All posts tagged Contemporary Supreme Court Cases

Fifth Amendment: Takings

Chapter 19 Fifth Amendment: Takings The Fifth Amendment prohibits government from taking private property without just compensation. A taking occurs in the plainest sense when government exercises its power of eminent domain. More difficult cases arise when property value is diminished pursuant to government action. Land use regulation that eliminates . . . Read more

Sixth Amendment: Right to Counsel

Chapter 20 Sixth Amendment: Right to Counsel A defendant’s ability to reckon with the criminal justice system depends not only upon the quality of his case but upon the ability to secure legal representation. Without counsel, the odds increase that innocent persons will be found guilty and the defendant will . . . Read more

Due Process: Confessions and Entrapment

Chapter 18 Due Process: Confessions and Entrapment Police practices prior to the twentieth century traded significantly upon tactics of intimidation and violence. Such tactics relate back to early English police methods that freely used torture and brutality to obtain confessions. Until the late eighteenth century, such statements were admissible at . . . Read more

Second Amendment: Right to Keep and Bear Arms

Chapter 16 Second Amendment: Right to Keep and Bear Arms The Second Amendment states that “A well regulated Militia, being necessary to the security of a free State, the right of the people to keep and bear Arms, shall not be infringed.” Prior to its two recent decisions, District of . . . Read more

The Power of Congress

Chapter 3 The Power of Congress Mistrust of centralized authority was an overarching influence upon the nation’s founding and has been a significant factor in the Constitution’s evolution. Early constitutional case law focusing upon congressional authority reflects this concern. In McCulloch v. Maryland (1819), for instance, the Court addressed the . . . Read more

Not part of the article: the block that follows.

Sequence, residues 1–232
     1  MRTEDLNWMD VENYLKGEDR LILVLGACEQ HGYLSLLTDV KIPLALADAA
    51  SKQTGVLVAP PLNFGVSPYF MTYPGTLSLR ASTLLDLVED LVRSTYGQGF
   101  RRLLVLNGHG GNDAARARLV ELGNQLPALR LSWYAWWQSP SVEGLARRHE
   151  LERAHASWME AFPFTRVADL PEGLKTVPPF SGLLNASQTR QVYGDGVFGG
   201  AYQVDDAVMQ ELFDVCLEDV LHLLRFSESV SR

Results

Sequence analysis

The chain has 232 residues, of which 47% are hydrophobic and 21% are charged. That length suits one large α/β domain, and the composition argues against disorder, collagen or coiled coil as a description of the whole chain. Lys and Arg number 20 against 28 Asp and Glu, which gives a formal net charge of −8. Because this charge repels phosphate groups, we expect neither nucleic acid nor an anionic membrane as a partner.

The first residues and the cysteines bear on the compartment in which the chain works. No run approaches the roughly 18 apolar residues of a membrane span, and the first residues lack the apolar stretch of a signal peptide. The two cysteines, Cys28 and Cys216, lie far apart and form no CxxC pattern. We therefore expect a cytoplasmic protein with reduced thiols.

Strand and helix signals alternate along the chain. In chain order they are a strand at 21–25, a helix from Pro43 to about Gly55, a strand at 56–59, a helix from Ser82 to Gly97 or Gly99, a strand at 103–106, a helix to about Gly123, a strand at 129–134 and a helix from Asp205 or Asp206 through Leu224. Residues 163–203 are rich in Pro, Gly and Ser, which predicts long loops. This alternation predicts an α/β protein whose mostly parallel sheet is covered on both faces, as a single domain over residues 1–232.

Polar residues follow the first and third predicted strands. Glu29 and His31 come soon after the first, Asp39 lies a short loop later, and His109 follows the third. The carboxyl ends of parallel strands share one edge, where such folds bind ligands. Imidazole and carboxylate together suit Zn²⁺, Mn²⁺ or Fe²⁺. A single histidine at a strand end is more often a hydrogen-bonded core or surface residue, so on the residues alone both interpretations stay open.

Federal Power

Chapter 4 Federal Power Federal power to regulate interstate commerce through the early twentieth century was interpreted narrowly. As the nation plunged into a national economic crisis in the form of the Great Depression, however, case law became highly deferential toward federal power to regulate any activity that might affect . . . Read more


Chapter 9 Gender As originally framed and ratified, the Constitution reflected the input and interests of white males. The Reconstruction Amendments factored racial reality into the constitutional framework. Gender remained beyond the pale of constitutional concern, however, until the twentieth century. Until then, constitutional challenges to laws restricting freedom of . . . Read more

Fundamental Rights

Chapter 10 Fundamental Rights The primary concern of the Equal Protection Clause over the course of its history has been with racial classifications. Grounds for an equal protection claim expanded during the final decades of the twentieth century, as the Supreme Court recognized gender, alienage, and illegitimacy as classifications that . . . Read more

Federal Preemption of State Power

Chapter 6 Federal Preemption of State Power Wariness of a strong central government was a central theme of the federal Constitution’s framing and ratification. Although the national government was conceived as a government of limited power, the Constitution’s supremacy clause provides that laws enacted “under the Authority of the United . . . Read more